In celebration of the Kenneth Ritchie Wimbledon Library’s status in charting not only the history of The Championships but the history of lawn tennis, Librarian Robert McNicol has assembled a 13-day guide showcasing the stellar sources available. Here he explains which titles he has selected for Day 7.
Here’s a quiz question: what association do the following books have with tennis - Beatrix Potter’s Peter Rabbit, Ventriloquism Made Easy, Society Small-Talk and Party-Giving on Every Scale? The answer is that they are all published by Frederick Warne, who, in the late 19th century, ventured into the world of racket and ball by printing the first-known yearly record of the sport, The Lawn-Tennis Annual for 1882.
This small red handbook compiled by L.S.F. Winslow – with an introduction that declares the difficulty of his task and an admonition to certain club secretaries for the inaccuracy of their submissions – gives a county-by-county record as well as sections explaining Volleying at the Net, Laws of Lawn Tennis, and Umpires and the Duties (“the duty of an umpire is a very thankless as well as an unenviable task”). As ever, the adverts serve up a wonderful vision of how tennis was played in those days of yore. Lawn Tennis Suits are advertised for 30 shillings – comprising flannel trousers, milled flannel coats, tennis hats, silk waist belt and handkerchief. Eat your heart out, Roger Federer!
“As well as every edition of the unrivalled Wimbledon Compendium, we hold over 2,500 other yearbooks and annuals, from more than 30 different countries,” says Librarian Robert McNicol. “From The Lawn-Tennis Annual for 1882 right up to the shiny Wimbledon 2016 Annual, the collection is truly comprehensive. The value in them as a resource is that there are so many different types and they contain so much information.”
The Field Lawn Tennis Calendar, which ran from 1884 to 1891 and has a microscopic font size, is probably the rarest title in the whole Library collection. “We’ve got the only set of these in the world,” confirms Robert. “The funny thing is that there are lots of copies of the 1888 edition – if we’re offered a copy, we know it’s bound to be the 1888 one - but no one apart from us has any of the others.” Other vintage titles include Ayres’ Lawn Tennis Almanack and the Lawn Tennis Association Annual from the UK, as well as Spalding’s Lawn Tennis Annual and Wright and Ditson’s Lawn Tennis Guide from the USA.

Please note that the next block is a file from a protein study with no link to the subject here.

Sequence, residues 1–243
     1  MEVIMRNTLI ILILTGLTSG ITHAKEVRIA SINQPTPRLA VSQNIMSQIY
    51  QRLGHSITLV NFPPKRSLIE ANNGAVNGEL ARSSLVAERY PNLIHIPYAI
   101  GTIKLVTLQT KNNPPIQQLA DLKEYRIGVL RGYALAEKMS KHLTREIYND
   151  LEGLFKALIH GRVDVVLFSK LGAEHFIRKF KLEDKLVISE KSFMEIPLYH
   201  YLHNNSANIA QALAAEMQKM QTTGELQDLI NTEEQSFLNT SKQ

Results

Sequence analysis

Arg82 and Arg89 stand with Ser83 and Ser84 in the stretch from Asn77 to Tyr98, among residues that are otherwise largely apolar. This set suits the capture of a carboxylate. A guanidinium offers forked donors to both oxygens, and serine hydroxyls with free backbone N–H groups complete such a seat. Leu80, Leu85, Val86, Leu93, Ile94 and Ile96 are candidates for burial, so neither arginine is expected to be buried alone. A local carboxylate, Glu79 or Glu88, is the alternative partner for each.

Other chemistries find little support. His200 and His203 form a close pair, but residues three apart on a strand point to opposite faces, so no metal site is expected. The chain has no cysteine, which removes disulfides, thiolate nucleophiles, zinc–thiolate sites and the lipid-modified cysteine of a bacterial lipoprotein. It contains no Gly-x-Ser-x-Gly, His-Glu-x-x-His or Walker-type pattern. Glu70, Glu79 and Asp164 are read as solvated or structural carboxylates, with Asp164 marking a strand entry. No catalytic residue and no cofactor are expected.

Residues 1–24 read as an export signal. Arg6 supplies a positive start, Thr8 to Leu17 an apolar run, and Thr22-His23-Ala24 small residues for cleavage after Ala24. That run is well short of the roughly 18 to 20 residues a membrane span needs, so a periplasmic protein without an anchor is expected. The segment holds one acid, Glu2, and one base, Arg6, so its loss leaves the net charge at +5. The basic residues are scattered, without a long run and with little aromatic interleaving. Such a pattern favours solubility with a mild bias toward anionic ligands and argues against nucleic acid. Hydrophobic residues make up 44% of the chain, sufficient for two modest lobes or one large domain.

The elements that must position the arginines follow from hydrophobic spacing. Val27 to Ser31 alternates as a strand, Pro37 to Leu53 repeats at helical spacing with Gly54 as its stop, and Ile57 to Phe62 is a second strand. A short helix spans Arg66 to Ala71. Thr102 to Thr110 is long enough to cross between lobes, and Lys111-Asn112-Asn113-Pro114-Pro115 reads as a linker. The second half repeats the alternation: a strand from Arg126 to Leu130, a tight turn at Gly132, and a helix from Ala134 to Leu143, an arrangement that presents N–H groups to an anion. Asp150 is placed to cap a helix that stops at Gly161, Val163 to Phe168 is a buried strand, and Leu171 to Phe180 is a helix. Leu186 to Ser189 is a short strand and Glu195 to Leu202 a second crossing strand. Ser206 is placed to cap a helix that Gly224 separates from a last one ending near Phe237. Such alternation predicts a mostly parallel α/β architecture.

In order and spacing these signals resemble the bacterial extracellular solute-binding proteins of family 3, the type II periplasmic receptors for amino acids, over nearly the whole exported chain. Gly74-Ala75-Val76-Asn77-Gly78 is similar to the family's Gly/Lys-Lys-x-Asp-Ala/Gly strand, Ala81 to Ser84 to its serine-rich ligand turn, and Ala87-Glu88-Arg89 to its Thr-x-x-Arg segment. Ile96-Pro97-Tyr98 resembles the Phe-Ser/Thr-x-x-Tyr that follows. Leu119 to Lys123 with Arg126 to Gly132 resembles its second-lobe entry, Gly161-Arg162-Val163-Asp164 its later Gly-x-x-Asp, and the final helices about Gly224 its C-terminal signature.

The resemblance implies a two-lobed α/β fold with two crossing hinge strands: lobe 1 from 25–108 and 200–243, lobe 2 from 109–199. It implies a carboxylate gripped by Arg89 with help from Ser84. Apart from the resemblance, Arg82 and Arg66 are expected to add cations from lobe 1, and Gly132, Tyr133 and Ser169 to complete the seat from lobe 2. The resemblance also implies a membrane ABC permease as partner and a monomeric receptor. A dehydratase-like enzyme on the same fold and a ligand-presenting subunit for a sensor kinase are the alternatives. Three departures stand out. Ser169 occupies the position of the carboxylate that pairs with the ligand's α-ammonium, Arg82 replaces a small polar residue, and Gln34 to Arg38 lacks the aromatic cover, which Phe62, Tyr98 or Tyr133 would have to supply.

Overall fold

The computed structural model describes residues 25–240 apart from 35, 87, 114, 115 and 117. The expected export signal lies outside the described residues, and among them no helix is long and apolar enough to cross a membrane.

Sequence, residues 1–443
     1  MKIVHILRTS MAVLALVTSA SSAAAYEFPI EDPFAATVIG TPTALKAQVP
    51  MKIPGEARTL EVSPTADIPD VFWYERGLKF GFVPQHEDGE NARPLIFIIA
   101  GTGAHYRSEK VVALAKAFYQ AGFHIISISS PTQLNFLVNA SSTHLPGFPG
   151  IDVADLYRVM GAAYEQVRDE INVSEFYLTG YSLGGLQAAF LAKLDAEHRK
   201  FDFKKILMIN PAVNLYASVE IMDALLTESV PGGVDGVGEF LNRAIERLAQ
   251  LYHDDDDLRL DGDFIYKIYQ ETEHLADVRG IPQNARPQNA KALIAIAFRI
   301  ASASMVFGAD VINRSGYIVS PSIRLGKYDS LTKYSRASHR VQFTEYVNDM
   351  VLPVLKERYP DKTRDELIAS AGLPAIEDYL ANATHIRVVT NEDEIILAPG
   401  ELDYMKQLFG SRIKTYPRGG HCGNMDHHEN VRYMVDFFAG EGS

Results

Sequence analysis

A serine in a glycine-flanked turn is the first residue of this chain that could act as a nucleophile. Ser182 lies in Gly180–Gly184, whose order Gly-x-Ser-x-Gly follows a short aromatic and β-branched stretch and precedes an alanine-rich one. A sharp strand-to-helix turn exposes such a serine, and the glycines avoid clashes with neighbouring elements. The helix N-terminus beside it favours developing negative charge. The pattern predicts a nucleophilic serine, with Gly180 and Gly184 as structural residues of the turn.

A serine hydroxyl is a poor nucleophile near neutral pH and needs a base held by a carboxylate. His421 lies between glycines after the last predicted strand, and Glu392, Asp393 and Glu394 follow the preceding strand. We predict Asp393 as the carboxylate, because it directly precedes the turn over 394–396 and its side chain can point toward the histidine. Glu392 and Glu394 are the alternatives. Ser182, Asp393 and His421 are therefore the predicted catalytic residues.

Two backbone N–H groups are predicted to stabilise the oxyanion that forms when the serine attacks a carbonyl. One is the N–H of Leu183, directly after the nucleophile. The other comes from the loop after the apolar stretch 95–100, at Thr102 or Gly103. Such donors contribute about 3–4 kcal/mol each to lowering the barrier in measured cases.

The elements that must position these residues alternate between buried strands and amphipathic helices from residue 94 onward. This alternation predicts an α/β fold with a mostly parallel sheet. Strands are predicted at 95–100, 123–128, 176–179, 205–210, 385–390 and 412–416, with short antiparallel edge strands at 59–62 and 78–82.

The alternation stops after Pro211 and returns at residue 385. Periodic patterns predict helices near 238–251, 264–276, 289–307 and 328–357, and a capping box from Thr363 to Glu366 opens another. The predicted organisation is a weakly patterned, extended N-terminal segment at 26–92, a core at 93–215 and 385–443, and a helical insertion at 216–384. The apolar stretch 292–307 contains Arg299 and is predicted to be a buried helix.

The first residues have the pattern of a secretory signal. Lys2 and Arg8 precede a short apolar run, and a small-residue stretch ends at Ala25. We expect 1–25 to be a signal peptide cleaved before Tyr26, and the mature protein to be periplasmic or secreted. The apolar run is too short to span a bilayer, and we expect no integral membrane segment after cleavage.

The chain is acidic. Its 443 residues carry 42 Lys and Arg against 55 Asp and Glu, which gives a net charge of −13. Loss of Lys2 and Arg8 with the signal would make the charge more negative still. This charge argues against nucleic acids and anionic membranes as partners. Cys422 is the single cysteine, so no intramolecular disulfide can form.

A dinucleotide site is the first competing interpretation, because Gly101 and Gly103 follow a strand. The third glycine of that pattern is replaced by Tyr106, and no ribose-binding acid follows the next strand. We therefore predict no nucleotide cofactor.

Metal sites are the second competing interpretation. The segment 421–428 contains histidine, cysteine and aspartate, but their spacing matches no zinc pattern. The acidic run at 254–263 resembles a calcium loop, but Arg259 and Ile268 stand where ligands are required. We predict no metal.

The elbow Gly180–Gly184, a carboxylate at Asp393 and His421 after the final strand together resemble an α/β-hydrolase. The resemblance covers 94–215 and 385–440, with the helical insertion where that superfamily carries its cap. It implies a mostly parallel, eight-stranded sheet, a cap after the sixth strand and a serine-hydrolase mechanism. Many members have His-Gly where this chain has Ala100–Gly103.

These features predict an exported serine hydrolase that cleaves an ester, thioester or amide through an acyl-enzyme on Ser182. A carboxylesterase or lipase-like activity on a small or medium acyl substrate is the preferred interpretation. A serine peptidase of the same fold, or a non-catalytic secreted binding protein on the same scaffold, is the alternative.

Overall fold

It is poignant to think these books were compiled by the very first individuals who were determined to establish and promote the game. “A book might be written on this subject, but the reader need not be frightened, for I have no such intention,” writes J.S. Clark in the preface to Wright and Ditson’s guide of 1893. “It is my purpose to give a brief sketch only of the history and purposes of the United States National Lawn Tennis Association and the value of its existence to the tennis interests of the community.”
Once established, the popularity of the annual continued to boom until the glossy volumes we treasure today: a tennis fan’s appetite for facts, figures and trivia knows no bounds.
...the duty of an umpire is a very thankless as well as an unenviable task.
“More recent publications include media guides from all the Grand Slam tournaments and the invaluable ATP/WTA Media Guide, which contains a huge amount of information on every ATP and WTA tournament and player. It’s also great for finding contact information for programme requests,” Robert confirms.
“We acquire our annuals and yearbooks in all sorts of different ways. For example, every year during The Championships, former World No.4 and Wimbledon doubles champion Helena Sukova, personally delivers to us a copy of the yearbook of the International Lawn Tennis Club of the Czech Republic.”
Grand Slams like to differentiate themselves from each other. The annual publication from Roland-Garros, home of the French Open, is a large coffee-table-style photographic celebration of the spirit of the venue - there is no date on the cover or any images of tennis in play.
“Our own Wimbledon Annual 2016 is a day-by-day review with beautiful photographs, completed draws, the roll of honour, and lots of quirky nuggets such as ‘Novak’s Towel Secrets’,” says Robert, alluding to Djokovic’s guilty admission that he often sneaks an extra Championships towel or two into his bag. “During the match, they’re my comfort zone. For a second or two, I’m able to lose myself in a towel if I need some concentration. The size of the towel is perfect for that. They're also great memorabilia. I also give away a lot.”
The Library, founded in 1976 by Alan Little, holds one of the largest and most diverse collections of tennis literature in the world. Dating from the birth of Lawn Tennis in the 1870s to the present day, the collection holds books, magazines, yearbooks, annuals, programmes and newspaper cuttings from more than 80 countries and continues to grow all the time.